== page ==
Roses are a Cliché, Violets are Blue, Orchids say 'I Love You'

01/02/2012

Ambius looks at the meaning of flowers for a special Valentine’s message

Ambius looks at the meaning of flowers for a special Valentine’s message

What does your Valentine’s Day bouquet say to your loved one? Sending a dozen red roses is a cliché and can be an expensive one, at that. For a thoughtful Valentine’s gift, Ambius, the flower and planting specialist for the workplace suggests picking Valentine’s flowers based on their meaning. Roses may be the traditional symbol of love, but orchids and violets offer a more unusual way to say those three little words. Ambius offers budding romantics a guide to saying it with flowers.

Daffs from a Distant Admirer
Daffodils are the symbol of ‘unrequited love’, so this could be an appropriate gift for someone you admire from afar.

Narcissus - It’s All About Them
Narcissus – another spring flower, but this one has a very different meaning. This is the symbol of ‘ego’, so this bouquet could be apt for someone who’s a bit too ‘me, me, me’.

Ferns for a Liaison of Love
For those secret love affairs choose Ferns, as the symbol of ‘secret love’ and pair them with Scarlet Fuschias, for ‘confiding love’.

Choose Blue and Stay True
Violets and Bird of Paradise are the symbols of ‘faithfulness’ and could be combined with Lavender for ‘loyalty’ and ‘devotion’. If you’re going to be far away from that special someone this Valentine’s Day, send them Forget-me-not for ‘true love’ and ‘remembrance’.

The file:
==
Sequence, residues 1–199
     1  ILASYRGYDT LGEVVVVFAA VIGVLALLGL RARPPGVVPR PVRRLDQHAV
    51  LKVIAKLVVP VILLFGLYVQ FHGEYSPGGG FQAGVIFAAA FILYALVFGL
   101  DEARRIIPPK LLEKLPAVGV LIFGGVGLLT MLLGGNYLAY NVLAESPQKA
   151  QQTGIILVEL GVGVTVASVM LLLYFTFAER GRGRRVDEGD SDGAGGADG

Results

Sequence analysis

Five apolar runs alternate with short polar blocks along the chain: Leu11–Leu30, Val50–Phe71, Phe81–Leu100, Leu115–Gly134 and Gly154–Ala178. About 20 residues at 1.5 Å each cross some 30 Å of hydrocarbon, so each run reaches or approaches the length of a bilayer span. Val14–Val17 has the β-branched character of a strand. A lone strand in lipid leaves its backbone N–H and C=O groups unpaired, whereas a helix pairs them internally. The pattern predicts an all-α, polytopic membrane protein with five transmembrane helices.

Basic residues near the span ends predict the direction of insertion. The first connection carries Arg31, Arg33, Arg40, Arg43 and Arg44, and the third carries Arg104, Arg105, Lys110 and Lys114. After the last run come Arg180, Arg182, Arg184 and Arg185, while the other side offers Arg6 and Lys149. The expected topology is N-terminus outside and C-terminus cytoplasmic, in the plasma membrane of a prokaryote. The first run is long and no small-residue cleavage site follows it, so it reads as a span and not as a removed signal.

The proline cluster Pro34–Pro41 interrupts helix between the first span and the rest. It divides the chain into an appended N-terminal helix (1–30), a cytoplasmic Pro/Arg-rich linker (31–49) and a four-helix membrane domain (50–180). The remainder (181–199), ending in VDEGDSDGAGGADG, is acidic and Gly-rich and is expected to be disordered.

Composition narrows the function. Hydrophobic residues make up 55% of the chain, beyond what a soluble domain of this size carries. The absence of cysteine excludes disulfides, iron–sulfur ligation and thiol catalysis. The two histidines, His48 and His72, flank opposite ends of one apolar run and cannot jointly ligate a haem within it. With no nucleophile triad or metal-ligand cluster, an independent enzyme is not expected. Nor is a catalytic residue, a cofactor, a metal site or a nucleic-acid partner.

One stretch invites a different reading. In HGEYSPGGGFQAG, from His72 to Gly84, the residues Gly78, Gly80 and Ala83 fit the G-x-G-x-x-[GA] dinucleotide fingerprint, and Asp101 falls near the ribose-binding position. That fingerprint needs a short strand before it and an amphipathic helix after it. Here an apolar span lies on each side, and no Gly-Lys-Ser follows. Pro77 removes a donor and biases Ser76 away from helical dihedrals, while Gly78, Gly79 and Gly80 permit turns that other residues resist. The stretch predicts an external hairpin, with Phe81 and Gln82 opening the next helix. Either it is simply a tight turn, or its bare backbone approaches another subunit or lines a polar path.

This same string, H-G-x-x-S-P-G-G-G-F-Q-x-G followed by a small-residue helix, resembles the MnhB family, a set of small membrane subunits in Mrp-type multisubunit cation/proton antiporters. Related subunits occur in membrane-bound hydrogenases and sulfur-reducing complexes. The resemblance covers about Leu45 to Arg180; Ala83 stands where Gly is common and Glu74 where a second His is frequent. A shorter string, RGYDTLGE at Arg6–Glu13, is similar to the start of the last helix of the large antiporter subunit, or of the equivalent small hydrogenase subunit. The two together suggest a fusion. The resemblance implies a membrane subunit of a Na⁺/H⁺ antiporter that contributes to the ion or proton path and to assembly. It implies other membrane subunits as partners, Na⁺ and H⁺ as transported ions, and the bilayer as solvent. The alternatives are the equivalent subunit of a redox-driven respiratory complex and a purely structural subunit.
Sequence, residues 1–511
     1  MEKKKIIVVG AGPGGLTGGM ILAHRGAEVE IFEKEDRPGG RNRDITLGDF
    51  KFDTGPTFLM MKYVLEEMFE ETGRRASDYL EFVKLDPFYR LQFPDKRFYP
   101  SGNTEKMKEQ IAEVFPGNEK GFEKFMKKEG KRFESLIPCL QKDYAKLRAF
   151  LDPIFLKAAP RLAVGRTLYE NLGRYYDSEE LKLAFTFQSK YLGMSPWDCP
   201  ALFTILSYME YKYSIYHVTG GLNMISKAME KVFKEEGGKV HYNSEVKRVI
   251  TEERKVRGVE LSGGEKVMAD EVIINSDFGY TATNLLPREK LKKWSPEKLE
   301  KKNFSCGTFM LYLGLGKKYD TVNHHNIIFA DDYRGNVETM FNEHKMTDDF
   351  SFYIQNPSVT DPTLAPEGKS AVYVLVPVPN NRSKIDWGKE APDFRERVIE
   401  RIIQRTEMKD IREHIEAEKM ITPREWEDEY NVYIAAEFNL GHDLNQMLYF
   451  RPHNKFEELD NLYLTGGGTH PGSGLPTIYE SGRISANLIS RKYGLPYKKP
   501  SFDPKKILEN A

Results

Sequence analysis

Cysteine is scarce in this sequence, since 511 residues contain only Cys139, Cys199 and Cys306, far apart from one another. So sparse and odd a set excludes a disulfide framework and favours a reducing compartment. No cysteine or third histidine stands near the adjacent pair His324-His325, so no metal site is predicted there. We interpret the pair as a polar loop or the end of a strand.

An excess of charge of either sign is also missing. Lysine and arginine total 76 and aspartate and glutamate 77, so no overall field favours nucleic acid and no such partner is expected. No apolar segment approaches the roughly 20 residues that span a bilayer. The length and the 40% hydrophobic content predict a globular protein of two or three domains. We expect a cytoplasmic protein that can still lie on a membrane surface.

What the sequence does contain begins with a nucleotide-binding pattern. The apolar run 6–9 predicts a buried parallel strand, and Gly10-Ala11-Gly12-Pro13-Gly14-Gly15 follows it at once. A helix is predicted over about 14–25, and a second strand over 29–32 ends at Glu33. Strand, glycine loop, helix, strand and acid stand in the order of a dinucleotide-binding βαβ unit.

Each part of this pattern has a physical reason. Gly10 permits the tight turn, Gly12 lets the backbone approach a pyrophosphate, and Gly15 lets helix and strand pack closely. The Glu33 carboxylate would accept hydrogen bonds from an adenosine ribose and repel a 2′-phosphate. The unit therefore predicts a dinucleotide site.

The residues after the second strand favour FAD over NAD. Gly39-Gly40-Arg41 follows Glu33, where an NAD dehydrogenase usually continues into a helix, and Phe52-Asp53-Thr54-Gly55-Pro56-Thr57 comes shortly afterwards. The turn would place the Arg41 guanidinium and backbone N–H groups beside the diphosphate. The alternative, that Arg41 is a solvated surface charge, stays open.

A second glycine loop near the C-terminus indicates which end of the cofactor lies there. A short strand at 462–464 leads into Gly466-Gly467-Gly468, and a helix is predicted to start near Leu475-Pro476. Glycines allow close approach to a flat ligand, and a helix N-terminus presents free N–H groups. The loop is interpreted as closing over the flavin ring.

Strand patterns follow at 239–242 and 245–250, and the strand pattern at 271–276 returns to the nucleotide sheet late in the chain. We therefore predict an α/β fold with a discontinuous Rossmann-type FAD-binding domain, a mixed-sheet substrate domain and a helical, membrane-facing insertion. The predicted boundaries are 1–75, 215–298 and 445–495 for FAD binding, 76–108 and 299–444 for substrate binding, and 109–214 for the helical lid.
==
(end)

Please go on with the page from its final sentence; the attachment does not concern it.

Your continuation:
An Orchid says ‘I love you’
Roses have become the traditional Valentine’s flower, but Orchids also symbolise ‘love’ and ‘beauty’. Red Tulips are considered a ‘declaration of love’ and cost a lot less than red roses.

A Primrose for first love
For young lovers, Primroses are the symbol of ‘first love’, whilst the Hyacinth is perfect for those couples who like having fun together, as it’s the symbol of ‘playful love’.

Break-ups and Make-ups
If you’ve had a lover’s tiff, then slip an Olive branch into your bouquet, as the symbol of ‘peace’. You could also try buttering them up with some Peonies, the flower for ‘beauty’ and don’t forget some Ivy for ‘fidelity’.

“It’s easy to just order a bunch of red roses, and while roses are beautiful, it doesn’t show a great deal of imagination,” says Trisha Haughey MD of Ambius. “Flowers hold hidden meanings and traditionally symbolise everything from love, to friendship and mourning. Our guide to saying it with flowers ensures the romantic at heart doesn’t send the wrong message this Valentine’s Day. Opt for a bouquet with a difference could earn you some serious brownie points, as well as saving some cash.”

Flower Meaning
Bird of Paradise Faithfulness
Daffodil Unrequited love
Fern Secret love
Forget-me-not True love, remembrance
Fuchsia (Scarlet) Confiding love
Ivy Fidelity
Hyacinth Playful love
Lavender Loyalty, love and devotion
Narcissus Ego
Olive branch Peace
Orchid Love and beauty
Peony Beauty
Primrose First love
Tulips (Red) Declaration of love
Violets Faithfulness
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